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T-Cell Trafficking into the Cold Tumor Immune Microenvironment

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Fred Hutchinson Cancer Research Center Seattle United States

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Our goal is to improve the efficacy of anti-cancer immunotherapy, a 2018 PRCRP Topic Area. These studies focus on the immune-inhibitingtumor microenvironment TME in a subset of soft-tissue sarcoma STS tumors called Synovial Sarcoma SS and Myxoid Round CellLiposarcoma MRCL that affect all ages, including children, adolescents and young adults, another FY18 Topic Area. The prevalence of admission for STS in the military health system has been estimated at 1.7 cases per 100,000 per year, and some STS are presumed to be related to Veterans exposure to Agent Orange or other herbicides during military service, one of the FY18 Military Relevance Focus Areas.1,2 Long-term, our findings are likely to help advance effective immunotherapies for patients with many types of solid malignancies in which the TME commonly inhibits effective immune responses. Successful immunotherapies have the potential to address significant gaps in cancer treatment within the U.S. population, including military Service members and their beneficiaries, and perhaps especially Veterans, our other FY18 Focus Area. In this project, we will examine T cell trafficking and function in the context of tumor, stroma, tumor associated macrophages M and endothelium within an ex-vivo 3-dimensional organoid culture system3,4 that includes microfluidics to model real-time trafficking from the vasculature into the tumors interstitium. Our findings will likely support new, even more effective therapeutic strategies to manipulate the tumor immune microenvironment to increase delivery of tumor-specific T cells into immunologically cold tumors.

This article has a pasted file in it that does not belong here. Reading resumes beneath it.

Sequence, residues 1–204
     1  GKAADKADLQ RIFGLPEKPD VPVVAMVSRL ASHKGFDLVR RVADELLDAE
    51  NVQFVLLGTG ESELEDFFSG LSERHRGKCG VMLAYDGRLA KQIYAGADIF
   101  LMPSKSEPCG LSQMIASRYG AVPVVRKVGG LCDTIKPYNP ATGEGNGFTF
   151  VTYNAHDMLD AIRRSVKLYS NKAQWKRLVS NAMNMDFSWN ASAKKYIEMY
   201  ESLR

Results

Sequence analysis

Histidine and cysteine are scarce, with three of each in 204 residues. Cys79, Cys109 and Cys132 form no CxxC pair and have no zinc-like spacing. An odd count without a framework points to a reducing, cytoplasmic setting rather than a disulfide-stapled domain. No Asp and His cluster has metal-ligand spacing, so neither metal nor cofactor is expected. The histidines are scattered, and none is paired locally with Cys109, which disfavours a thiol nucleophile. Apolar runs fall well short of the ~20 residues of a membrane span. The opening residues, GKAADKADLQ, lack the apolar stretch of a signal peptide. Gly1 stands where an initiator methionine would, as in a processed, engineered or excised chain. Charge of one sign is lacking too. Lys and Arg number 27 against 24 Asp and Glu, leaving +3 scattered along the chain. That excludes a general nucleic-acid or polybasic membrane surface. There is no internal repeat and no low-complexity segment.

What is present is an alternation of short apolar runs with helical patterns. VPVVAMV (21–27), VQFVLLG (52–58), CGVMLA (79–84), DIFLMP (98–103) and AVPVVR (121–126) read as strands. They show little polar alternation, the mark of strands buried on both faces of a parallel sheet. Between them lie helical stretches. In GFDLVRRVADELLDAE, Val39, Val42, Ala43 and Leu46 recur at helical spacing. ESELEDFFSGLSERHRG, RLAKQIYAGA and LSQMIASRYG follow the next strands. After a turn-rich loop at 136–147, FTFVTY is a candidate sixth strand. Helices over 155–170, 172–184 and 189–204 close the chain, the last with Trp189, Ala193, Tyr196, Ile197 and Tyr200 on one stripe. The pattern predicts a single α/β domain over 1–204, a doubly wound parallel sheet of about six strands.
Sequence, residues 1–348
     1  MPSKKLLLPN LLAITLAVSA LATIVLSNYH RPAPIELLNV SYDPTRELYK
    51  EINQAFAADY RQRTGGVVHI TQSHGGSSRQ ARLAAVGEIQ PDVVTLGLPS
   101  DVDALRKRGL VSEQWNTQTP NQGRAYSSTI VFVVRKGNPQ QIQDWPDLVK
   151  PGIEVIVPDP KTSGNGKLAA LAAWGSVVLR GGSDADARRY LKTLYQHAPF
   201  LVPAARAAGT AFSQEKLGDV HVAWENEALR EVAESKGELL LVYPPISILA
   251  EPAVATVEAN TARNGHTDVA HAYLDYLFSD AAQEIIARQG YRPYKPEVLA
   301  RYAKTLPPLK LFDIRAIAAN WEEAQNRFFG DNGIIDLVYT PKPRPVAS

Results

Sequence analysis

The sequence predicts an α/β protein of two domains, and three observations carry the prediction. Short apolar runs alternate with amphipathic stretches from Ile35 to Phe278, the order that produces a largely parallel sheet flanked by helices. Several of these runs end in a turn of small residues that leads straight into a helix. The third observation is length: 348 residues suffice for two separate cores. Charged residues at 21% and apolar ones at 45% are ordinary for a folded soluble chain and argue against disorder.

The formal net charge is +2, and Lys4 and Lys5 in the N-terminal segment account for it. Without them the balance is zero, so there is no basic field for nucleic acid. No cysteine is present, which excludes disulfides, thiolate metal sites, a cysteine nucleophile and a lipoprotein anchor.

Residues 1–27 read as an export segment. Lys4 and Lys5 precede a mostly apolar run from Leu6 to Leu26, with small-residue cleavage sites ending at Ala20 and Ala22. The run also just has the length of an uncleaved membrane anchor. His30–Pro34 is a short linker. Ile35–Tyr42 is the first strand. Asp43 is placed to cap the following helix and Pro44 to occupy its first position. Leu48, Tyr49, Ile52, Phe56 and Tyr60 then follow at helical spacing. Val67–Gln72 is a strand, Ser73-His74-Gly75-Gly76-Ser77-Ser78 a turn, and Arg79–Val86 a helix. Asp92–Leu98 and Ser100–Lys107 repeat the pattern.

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Technical Report,01 Aug 2019,31 Jul 2020



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Approved For Public Release;

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